Fertilizer recommendations by three different methods: SPF, SLAN, and MLSN

Daniel Hahn and Romain Giraud wrote an article on LinkedIn about fertilisation decisions based on MLSN and STERF’s precision fertilisation (SPF). If you are at all interested in this topic, I hope you’ll read their article.

I read it twice, and I made a few notes to share here.

First, we (PACE Turf and ATC) calculated the MLSN based on Mehlich 3 soil test results. The article states that “it is essential to send a sample to a laboratory that uses Mehlich-3 nutrient extraction” if you want to use MLSN. I recommend that, but there are some workarounds if you can’t get Mehlich 3 data. Please have a look at the MLSN cheat sheet for some alternatives. My preferred alternative is to do what Giraud has done—calculated a regionally specific MLSN value based on his own database of soil test results from good-performing turf.

Second, they wrote that “for the MLSN guidelines, it is important to measure the soil nutrient levels at the beginning of the season and at the end of the season.” I don’t recommend that. I generally recommend sampling once per year, and I suggest autumn, or the end of rainy season in locations with pronounced wet and dry seasons, as the preferred sampling time.

Third, I like to put fertilizer recommendations into a larger context. What is really happening when one implements one method of fertilizer recommendation over another? To do that, I considered 1 000 simulated soils (locations), and calculated a P fertilizer recommendation for each of those locations across a range of N fertilizer inputs.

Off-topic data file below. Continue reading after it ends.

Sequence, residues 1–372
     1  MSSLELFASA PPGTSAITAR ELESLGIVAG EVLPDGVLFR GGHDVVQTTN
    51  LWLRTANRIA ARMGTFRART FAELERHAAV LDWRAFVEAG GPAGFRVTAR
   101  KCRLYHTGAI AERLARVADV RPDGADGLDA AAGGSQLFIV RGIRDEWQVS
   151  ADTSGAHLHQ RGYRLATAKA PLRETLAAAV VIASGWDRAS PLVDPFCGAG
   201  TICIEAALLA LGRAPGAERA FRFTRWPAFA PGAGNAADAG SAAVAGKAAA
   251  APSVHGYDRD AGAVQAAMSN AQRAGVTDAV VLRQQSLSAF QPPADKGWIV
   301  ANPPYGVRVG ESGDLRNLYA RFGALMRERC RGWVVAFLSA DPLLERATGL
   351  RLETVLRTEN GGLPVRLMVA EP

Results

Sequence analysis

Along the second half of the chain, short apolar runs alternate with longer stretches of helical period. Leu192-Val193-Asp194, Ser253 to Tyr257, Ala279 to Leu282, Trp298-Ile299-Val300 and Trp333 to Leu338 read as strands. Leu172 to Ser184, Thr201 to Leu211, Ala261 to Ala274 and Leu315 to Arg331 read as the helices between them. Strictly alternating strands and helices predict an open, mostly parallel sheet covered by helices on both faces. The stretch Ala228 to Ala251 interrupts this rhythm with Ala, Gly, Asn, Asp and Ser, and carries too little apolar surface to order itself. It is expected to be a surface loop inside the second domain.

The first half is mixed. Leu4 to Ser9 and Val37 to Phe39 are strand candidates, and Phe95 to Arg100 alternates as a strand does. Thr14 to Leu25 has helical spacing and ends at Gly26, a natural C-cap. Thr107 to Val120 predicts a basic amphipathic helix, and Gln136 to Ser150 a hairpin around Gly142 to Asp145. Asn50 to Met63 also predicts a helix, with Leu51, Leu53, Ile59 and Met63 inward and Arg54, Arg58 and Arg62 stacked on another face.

The 1 000 soils have soil test P as shown in this chart, ranging in this simulation run from 3.3 to 799 mg/kg. That’s a reasonable expectation based on the Global Soil Survey.

A histogram of those soil tests show that many are in the range 0–200 mg/kg.

From those results, I calculated the P fertilizer recommendation using MLSN, SPF, and SLAN.

  • For MLSN, I took the expected plant use as 0.118 of the N rate1 and added the mass equivalent of 21 mg/kg, then subtracted the soil test value mass equivalent.
  • For SPF, I ignored the soil test value and made the P recommendation as 0.14 of the N rate.
  • For SLAN, I ignored the expected plant use from N rate and calculated the P recommendation as the mass of P needed to increase the soil test P to 55 mg/kg.

The chart above shows those results summarized for all 1 000 of the simulated soils, at each of the N rates from 1 to 50 g/m2. What the chart shows, exactly, is the total P recommended, in g/m2, for each N rate, summed over all 1 000 of the soil test results. For example, look at the annual fertilizer rate of 20 g N/m2. For the SPF method, the P recommendation will be 0.14 the N rate. Each of the 1 000 soils at the 20 g N rate would get a P recommendation of 2.8 g. With 1 000 soils, that’s a total amount of 2 800 g of P recommended, which you can see on the chart above. That works out to 2.8 g P/m2 for each soil, or 28 kg/ha.

Looking at that chart for P recommendations, we can see pretty much the entire range of N rates—I know a few places go higher, but it’s uncommon—and a realistic sample of actual soil P levels.

From this type of calculation, it’s apparent that using SLAN will over-recommend P except at very high N rates. It’s also apparent that SPF recommends reasonable rates of P at low N rates but that ignoring the soil leads to quite high P application rates by SPF at higher N rates.

I show in the final chart the actual recommended P ratios of MLSN compared to SPF and MLSN compared to SLAN.

It’s possible to work through this type of calculation for any element, and from such an analysis to get some idea of what the implications are of using alternative methods of soil test interpretation and fertilizer recommendations.

  1. This 0.118 is based on ATC research on creeping bentgrass on golf course putting greens. ↩︎

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